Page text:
In 1970, while in a study tour of Great Britain, he studied Broadcasting Services, augmenting his journalism acumen which had hitherto been hinged mainly on information services. In an interview on 21st July 2005 with Mmegi’s veteran journalist, Ryder Gabathuse, Morake said a major breakthrough in his political career came in 1971 following the appointment of former Mmadinare MP, Amos Dambe, as an ambassador to USA. He contested and won the Mmadinare parliamentary by-election after which he was appointed Assistant Minister in the then Ministry of Local Government and Lands, working under the late Englishman Kgabo. The following year, he became a full cabinet minister in the same ministry.


In 1974 Morake won parliamentary elections after which he was appointed Minister of Education, a ministry he would serve for fifteen years, becoming the longest serving Minister of Education in Botswana. According to Gabathuse, he was proud that the record is yet to be broken. The fifteen years that Morake spent as Minister of Education was perhaps the most productive in the development of Botswana’s education system. It was during this time that Community Junior Secondary Schools were establishment. If there is anyone who deserved an honorary Doctorate it is Morake.


According to Gabathuse, Morake has stated that these schools came as a result of the recommendation of the first education commission which he says he ensured was implemented. Among his other achievements were the expansion of the secondary school education; and the introduction of pension for teachers. During his days in Parliament, he became popular for using the Kalanga analogy of ‘shololaviya’, which directly translates to mean one who spends the whole day skinning an animal, to make the point that development is not an event, but a process and that a solution to a problem creates other problems elsewhere.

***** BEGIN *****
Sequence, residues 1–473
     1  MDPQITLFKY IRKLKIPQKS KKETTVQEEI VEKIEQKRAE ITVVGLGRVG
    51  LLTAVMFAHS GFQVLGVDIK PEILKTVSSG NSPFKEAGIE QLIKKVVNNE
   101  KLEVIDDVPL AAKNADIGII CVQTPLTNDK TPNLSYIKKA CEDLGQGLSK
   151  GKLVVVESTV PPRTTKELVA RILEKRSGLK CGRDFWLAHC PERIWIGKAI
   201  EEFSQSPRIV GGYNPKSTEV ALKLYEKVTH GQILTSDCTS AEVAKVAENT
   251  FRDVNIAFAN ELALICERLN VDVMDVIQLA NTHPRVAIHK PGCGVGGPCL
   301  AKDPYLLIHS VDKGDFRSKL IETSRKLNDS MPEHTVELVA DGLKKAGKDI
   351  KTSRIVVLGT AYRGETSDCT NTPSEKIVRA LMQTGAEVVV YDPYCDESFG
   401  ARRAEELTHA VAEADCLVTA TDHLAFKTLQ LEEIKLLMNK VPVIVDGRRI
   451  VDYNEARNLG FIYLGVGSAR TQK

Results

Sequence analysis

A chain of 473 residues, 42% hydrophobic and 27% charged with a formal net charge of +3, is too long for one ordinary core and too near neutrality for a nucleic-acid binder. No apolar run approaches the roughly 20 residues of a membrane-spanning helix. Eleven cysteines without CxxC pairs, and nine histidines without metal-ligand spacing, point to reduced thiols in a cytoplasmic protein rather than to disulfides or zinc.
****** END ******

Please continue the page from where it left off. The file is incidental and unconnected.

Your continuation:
Morake has also served this country as Minister of Health from 1989 to 1991 and Minister of Agriculture from 1991 to 1994. Unfortunately, in 1994, he lost the Selebi-Phikwe constituency. In the same year his wife died. However, as a true disciple of the BDP, Morake has, despite losing the elections, always remained a committed BDP member. He did not, like some of his fellow democrats, defect from the BDP, not even in 2010 when the Botswana Movement for Democracy (BMD) splintered from the BDP.


Morake has, to the best of my knowledge, lived a life of virtue in both his public and personal life. I am not aware of any scandal he was involved in. He may have lived his final days with neither gold nor silver, but he departs this world a virtuous men.
The question is: what did we, as Batswana, do to appreciate this gift of a life that God had blessed us with? Can we not have used a tenth of what we have spent in his funeral preparations to make his life a little better, especially during his final days?


We have such other gifts as Dr. Gaositwe Chiepe, Michael Dingake, David Magang, Dr. Ponatshego Kedikilwe, Gilson Saleshando, Dr. Margret Nasha, Ntombi Setshwaelo, Gladys Kokorwe, Professor Lydia Nyathi-Saleshando, Daniel Kwelagobe, Ephraim Lepetu Setshwaelo to mention but just a few. Are we going to wait until their demise before we can celebrate them? Are we going to let them depart uncelebrated like Sir Ketumile Masire, Professor Thomas Tlou, Dr. Kenneth Koma, Paul Rantao, Mareledi Giddie, Maitshwarelo Dabutha, Klaas Motshidisi, Kgosi Linchwe II, Kgosi Seepapitso IV, Chapson Jabavu Butale, Clara Olsen, Eitlhopha Mosinyi to mention but a few?